Flat White vs. Mylar?
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Thread: Flat White vs. Mylar?

  1. #1
    Join Date
    Jan 2007
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    36

    Default Flat White vs. Mylar?

    My 8x8, vented, grow room will be constructed of waterproof sheet rock and will utilize a sliding glass door (patiotype). I undecided about the pro's and con's of just paining the interior with an ultra white flat paint (with mildew inhibitor) or covering the walls ceiling and sliding doors with Mylar. I realize the Mylar may be more prone to damage, but I don't think "traffic" will be a problem. How can I best adhere the Mylar to the walls/glass door?

  2. #2
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    Jan 2007
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    Does anyone have experience in "gluing" Mylar film to walls?
    This seems to be the best way to ensure it will stay flat, but I don't know what kind of adhesive to use. I don't think a wallpaper type will work and I'm afraid the spray adhesives will make it impossible to align and smooth as it is applied to the wall.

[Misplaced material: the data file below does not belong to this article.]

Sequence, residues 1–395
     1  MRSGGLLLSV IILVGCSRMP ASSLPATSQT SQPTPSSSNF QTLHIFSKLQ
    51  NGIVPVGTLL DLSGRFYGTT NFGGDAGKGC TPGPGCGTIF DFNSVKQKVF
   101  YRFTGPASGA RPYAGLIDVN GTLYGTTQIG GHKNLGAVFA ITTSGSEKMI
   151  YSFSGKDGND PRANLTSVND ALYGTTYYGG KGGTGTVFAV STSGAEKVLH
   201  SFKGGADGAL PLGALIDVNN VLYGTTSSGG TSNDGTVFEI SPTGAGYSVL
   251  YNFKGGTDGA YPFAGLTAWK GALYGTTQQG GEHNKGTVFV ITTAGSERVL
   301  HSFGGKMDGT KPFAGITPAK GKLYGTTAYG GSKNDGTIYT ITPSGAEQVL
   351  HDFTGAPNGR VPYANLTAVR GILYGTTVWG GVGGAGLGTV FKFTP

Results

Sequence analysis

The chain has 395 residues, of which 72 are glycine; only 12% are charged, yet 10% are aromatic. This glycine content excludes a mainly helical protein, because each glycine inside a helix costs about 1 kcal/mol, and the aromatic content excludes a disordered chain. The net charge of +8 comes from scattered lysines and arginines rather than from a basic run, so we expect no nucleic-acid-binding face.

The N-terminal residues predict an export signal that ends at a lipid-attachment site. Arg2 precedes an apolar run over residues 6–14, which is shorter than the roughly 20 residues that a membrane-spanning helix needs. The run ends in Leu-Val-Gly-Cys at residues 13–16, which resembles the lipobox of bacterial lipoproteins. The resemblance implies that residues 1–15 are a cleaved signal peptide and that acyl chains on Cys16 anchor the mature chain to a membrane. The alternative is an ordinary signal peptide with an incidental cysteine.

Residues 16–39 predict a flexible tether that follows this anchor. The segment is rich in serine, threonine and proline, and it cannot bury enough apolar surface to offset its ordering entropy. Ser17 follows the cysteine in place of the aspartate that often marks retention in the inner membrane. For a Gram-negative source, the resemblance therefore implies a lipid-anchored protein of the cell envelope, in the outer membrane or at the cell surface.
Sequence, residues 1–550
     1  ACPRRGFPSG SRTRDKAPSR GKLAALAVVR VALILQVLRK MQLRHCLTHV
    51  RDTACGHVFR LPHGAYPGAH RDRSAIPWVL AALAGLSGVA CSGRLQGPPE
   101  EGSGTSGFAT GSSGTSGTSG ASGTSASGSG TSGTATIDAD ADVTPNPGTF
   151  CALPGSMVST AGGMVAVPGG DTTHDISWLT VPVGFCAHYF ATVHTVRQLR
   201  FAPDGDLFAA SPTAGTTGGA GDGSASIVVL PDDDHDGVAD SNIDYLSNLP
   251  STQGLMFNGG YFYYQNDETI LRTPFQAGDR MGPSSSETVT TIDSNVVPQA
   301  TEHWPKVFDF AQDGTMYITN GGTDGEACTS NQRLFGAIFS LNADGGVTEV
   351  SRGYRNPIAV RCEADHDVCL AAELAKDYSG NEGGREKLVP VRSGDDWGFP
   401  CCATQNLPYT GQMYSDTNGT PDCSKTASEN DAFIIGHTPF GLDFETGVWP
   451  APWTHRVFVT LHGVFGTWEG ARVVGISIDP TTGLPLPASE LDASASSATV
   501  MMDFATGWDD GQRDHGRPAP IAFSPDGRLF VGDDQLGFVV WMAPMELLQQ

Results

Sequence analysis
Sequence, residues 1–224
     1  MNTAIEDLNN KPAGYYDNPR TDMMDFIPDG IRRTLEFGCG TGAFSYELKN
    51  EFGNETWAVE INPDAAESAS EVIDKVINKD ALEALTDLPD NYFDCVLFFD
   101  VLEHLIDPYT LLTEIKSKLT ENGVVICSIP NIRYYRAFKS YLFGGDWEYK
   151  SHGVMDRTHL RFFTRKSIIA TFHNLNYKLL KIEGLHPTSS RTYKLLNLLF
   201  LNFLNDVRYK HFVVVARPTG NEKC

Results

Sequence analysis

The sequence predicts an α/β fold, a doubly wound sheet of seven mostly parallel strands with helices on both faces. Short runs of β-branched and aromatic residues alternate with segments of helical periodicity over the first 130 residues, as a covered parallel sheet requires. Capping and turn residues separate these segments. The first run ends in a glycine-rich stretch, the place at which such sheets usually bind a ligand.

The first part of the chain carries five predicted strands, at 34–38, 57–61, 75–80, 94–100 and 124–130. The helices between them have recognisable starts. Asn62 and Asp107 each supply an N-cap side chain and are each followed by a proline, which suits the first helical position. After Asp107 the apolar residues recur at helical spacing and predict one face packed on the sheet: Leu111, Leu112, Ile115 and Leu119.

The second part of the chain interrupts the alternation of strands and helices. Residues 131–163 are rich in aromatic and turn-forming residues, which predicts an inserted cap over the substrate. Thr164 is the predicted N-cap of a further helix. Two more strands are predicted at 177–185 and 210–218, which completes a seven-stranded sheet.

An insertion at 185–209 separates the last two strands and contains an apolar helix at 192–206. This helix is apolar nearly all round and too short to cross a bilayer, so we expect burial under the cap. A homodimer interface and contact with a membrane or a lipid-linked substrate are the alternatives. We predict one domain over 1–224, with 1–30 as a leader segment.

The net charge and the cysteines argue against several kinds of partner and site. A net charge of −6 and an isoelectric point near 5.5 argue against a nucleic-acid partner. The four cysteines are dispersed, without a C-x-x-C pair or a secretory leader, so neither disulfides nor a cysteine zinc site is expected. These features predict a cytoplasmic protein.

Is one of the other reflective sheets better to use.
    I'd prefer to not use the 2'4' aluminum panels.

  3. #3
    Join Date
    May 2006
    Location
    Los Angeles, CA
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    Flat white paint with a mildew inhibitor is actually a very good choice. Mylar would reflect a bit better, but flat white reflects light better than most people think. If you want your reflective surface to double as insulation then I would recommend our Astro Foil. If insulating the grow room isn't paramount, then mylar or even black & white poly would give you the best bang for your buck.

    I've used several different methods in the past to hang mylar, including staples, spray cement, and industrial-strength double-sided tape.

    The only aluminum panels I would consider using are those distributed by National Garden Wholesale. They are made of the same material used in their top-end reflectors (such as the Super Sun), but they are very expensive.
    David G.
    BGH Forum Moderator
    www.bghydro.com

  4. #4
    Join Date
    Jan 2007
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    Default